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Old 04-24-2011, 08:06 AM
Location: Atlanta
1,392 posts, read 1,793,326 times
Reputation: 1531


Here's an article relevant to Georgia's longstanding desire for small government and low taxes. It's basically noting that even the highest taxes in the South, North Carolina is still winning the war in recruiting new businesses and industry.

I think some Georgians might be interested in reading it....
Two visions of what N.C. can be - Christensen - NewsObserver.com
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Old 04-24-2011, 11:42 AM
Location: metro ATL
8,190 posts, read 11,442,108 times
Reputation: 2698
This goes to somthing I've said before. The reason why NC's population and wealth are more evenly distrbuted throughout the state is because it is the state that has taken the lead in making NC an attractive place to do business. You see it with Charlotte when the state initially relaxed the banking laws and you see it with RTP, which is the result of a collaborative effort between the political, business, and academic communities. Also, NC is pretty new to the whole incentives game that other Southern states have had as a cornerstone of their economic development strategies for a couple of decades now (which is why it doesn't have a big automotive manufacturing plant like other Southern states). On the other hand, the reason why GA is where it is--you have Atlanta and then a huge gap between the 2nd tier cities--is because of that "lower taxes, lesser regulations" mantra that just lure companies that don't pay as well because of very little demand in terms of education and skill or companies that do require educated, skilled workers but have to import much of that talent (my native SC being a prime example). Atlanta is the exception because it has historically had ambitious, progressive local business and civic leadership that has made the city what it is--not the state.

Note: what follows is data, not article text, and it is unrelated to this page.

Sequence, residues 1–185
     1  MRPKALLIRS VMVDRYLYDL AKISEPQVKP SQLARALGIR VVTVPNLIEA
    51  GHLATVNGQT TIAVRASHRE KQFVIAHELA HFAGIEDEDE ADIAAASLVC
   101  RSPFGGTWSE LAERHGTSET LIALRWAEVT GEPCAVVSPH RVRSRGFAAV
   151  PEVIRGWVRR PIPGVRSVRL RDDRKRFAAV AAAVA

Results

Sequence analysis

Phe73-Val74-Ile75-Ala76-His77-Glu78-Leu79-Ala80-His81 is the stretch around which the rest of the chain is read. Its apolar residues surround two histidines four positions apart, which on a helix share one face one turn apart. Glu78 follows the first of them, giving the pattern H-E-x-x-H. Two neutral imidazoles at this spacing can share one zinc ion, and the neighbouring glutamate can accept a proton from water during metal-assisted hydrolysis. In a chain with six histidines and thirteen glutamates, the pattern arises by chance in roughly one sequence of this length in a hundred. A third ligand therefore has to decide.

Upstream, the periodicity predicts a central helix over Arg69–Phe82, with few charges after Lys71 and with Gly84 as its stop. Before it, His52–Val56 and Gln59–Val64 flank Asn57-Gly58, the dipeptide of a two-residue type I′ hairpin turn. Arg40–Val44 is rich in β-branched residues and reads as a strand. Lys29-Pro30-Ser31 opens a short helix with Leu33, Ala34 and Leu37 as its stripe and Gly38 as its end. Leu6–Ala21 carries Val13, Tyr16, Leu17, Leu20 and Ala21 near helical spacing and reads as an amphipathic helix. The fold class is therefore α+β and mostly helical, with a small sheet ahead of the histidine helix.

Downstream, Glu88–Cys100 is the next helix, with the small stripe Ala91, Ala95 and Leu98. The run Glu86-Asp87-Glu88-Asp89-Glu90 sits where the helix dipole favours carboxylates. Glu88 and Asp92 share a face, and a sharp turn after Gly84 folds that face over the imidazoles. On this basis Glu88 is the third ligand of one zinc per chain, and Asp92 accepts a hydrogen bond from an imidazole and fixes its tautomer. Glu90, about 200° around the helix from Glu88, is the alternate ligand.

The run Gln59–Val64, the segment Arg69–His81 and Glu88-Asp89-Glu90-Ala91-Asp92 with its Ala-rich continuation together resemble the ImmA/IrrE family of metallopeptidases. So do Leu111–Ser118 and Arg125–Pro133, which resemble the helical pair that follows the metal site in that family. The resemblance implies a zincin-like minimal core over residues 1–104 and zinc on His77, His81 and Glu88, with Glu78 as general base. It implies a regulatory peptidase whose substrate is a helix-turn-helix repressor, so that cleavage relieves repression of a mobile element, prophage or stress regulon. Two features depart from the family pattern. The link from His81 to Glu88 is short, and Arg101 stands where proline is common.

Sure people, especially in the South, like to bring up high taxes and the cost of living as negatives in places like the Northeast, but they have the educational institutions that produce highly skilled workers and that's why most of the companies headquartered there aren't going anywhere. Sooner or later the South will learn that it's a much, much better strategy over the long-term to invest in human capital instead of throwing every tax break known to man at multimillion dollar companies that can easily pack up and move once the incentives have dried up.
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